• If you are not feeling well. It is usually okay to get flu
vaccine when you have a mild illness, but you might
be advised to wait until you feel better. You should
come back when you are better.
Risks of a vaccine reaction
With a vaccine, like any medicine, there is a chance of
side effects. These are usually mild and go away on their
Problems that could happen after any vaccine:
• Brief fainting spells can happen after any medical
procedure, including vaccination. Sitting or lying
down for about 15 minutes can help prevent fainting,
and injuries caused by a fall. Tell your doctor if you
feel dizzy, or have vision changes or ringing in the
• Severe shoulder pain and reduced range of motion
in the arm where a shot was given can happen, very
rarely, after a vaccination.
• Severe allergic reactions from a vaccine are very rare,
estimated at less than 1 in a million doses. If one were
to occur, it would usually be within a few minutes to a
few hours after the vaccination.
Mild problems following inactivated flu vaccine:
• soreness, redness, or swelling where the shot was
• hoarseness
• sore, red or itchy eyes
• cough
• fever
• aches
• headache
• itching
• fatigue
If these problems occur, they usually begin soon after the
shot and last 1 or 2 days.
Moderate problems following inactivated flu vaccine:
• Young children who get inactivated flu vaccine and
pneumococcal vaccine (PCV13) at the same time may
be at increased risk for seizures caused by fever. Ask
your doctor for more information. Tell your doctor if a
child who is getting flu vaccine has ever had a seizure.
Inactivated flu vaccine does not contain live flu virus, so
you cannot get the flu from this vaccine.
As with any medicine, there is a very remote chance of a
vaccine causing a serious injury or death.
The safety of vaccines is always being monitored. For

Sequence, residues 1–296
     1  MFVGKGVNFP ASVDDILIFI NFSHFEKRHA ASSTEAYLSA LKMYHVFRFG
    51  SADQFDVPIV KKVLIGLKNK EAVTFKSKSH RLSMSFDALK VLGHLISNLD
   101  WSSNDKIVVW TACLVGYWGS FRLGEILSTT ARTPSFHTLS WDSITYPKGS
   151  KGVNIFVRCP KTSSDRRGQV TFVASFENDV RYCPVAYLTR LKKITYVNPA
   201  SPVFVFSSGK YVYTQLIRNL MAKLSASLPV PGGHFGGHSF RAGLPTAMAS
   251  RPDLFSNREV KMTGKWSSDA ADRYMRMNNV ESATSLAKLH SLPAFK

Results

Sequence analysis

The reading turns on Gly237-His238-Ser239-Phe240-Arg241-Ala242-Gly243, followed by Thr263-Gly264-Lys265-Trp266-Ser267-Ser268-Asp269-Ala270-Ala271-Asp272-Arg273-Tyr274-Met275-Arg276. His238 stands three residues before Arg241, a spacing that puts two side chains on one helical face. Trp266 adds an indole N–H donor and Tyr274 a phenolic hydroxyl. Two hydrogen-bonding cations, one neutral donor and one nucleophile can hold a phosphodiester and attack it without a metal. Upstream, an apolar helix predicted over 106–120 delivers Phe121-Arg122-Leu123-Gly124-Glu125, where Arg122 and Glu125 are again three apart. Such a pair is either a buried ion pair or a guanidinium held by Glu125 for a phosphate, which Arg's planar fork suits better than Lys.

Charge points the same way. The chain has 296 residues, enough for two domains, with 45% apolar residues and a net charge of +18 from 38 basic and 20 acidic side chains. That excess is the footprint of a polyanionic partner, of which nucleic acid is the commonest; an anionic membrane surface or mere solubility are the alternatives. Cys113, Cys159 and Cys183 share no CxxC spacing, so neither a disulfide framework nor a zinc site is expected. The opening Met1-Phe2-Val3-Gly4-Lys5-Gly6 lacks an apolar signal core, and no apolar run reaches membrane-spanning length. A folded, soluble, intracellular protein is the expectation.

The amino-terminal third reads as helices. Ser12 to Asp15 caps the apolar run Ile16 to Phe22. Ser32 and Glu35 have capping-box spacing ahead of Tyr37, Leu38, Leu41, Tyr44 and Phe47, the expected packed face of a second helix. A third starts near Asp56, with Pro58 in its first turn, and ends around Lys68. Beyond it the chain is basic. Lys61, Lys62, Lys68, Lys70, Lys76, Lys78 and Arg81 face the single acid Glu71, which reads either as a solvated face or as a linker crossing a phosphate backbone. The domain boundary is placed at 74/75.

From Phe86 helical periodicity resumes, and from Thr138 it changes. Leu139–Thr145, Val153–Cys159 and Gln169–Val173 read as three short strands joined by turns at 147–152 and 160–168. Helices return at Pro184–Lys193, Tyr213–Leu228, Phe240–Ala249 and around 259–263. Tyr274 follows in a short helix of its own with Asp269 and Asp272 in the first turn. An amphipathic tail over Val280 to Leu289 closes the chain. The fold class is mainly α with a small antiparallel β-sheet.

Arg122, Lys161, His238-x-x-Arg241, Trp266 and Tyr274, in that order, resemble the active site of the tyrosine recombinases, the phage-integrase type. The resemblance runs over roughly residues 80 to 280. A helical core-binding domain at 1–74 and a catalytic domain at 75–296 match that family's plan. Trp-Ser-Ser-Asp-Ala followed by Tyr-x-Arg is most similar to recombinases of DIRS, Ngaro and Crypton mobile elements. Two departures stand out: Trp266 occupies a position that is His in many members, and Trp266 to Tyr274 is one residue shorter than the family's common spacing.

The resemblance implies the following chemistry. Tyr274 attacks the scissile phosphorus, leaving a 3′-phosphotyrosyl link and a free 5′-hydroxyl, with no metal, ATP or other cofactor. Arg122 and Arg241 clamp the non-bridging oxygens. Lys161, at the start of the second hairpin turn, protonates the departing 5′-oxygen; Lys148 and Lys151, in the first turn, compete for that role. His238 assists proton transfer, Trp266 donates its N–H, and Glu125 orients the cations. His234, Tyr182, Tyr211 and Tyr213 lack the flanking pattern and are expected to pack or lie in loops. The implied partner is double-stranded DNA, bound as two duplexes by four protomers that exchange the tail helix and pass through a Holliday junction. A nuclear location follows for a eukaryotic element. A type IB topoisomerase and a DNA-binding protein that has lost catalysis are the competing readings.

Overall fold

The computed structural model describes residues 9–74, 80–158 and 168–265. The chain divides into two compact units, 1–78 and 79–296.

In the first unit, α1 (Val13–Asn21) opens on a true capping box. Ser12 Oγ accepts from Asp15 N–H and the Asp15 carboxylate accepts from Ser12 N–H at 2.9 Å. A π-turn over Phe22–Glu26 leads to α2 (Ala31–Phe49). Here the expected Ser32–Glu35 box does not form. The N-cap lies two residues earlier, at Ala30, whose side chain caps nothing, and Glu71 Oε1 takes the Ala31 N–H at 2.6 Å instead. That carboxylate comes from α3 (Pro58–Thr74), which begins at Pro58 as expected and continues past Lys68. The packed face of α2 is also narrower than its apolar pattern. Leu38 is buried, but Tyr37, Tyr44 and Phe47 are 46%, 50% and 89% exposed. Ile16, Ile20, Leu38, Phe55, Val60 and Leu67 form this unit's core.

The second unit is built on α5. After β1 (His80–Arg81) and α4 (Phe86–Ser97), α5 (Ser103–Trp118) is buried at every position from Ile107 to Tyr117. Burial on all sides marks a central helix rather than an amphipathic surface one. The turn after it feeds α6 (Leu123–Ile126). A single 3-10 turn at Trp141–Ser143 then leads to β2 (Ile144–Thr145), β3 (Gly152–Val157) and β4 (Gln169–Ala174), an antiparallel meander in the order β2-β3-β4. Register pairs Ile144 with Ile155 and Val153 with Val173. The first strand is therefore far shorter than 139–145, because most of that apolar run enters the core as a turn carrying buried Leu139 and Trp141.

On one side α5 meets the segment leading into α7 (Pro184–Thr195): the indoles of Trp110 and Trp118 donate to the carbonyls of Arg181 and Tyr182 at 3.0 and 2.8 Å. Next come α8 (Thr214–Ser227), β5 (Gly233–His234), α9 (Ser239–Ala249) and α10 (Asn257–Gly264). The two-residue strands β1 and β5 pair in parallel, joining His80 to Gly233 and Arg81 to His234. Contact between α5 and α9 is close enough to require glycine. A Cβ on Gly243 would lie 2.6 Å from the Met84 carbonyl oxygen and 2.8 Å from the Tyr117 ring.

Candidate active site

more information, visit:
if there is a serious
What should I look for?
• Look for anything that concerns you, such as signs of
a severe allergic reaction, very high fever, or behavior
Signs of a severe allergic reaction can include hives,
swelling of the face and throat, difficulty breathing,
a fast heartbeat, dizziness, and weakness. These
would start a few minutes to a few hours after the
What should I do?
• If you think it is a severe allergic reaction or other
emergency that can’t wait, call 9-1-1 and get the
person to the nearest hospital. Otherwise, call your
• Afterward, the reaction should be reported to the
Vaccine Adverse Event Reporting System (VAERS).
Your doctor should file this report, or you can
do it yourself through the VAERS web site at, or by calling 1-800-822-7967.
VAERS does not give medical advice.
National Vaccine Injury
Compensation Program
The National Vaccine Injury Compensation Program
(VICP) is a federal program that was created to
compensate people who may have been injured by
certain vaccines.
Persons who believe they may have been injured by a
vaccine can learn about the program and about filing a
claim by calling 1-800-338-2382 or visiting the VICP
website at There
is a time limit to file a claim for compensation.
How can I learn more?
• Ask your health care provider.
• Call your local or state health department.
• Contact the Centers for Disease Control and
Prevention (CDC):
- Call 1-800-232-4636 (1-800-CDC-INFO) or
- Visit CDC’s website at
Vaccine Information Statement (Interim)
Inactivated Influenza Vaccine
Office Use Only
42 U.S.C. § 300aa-26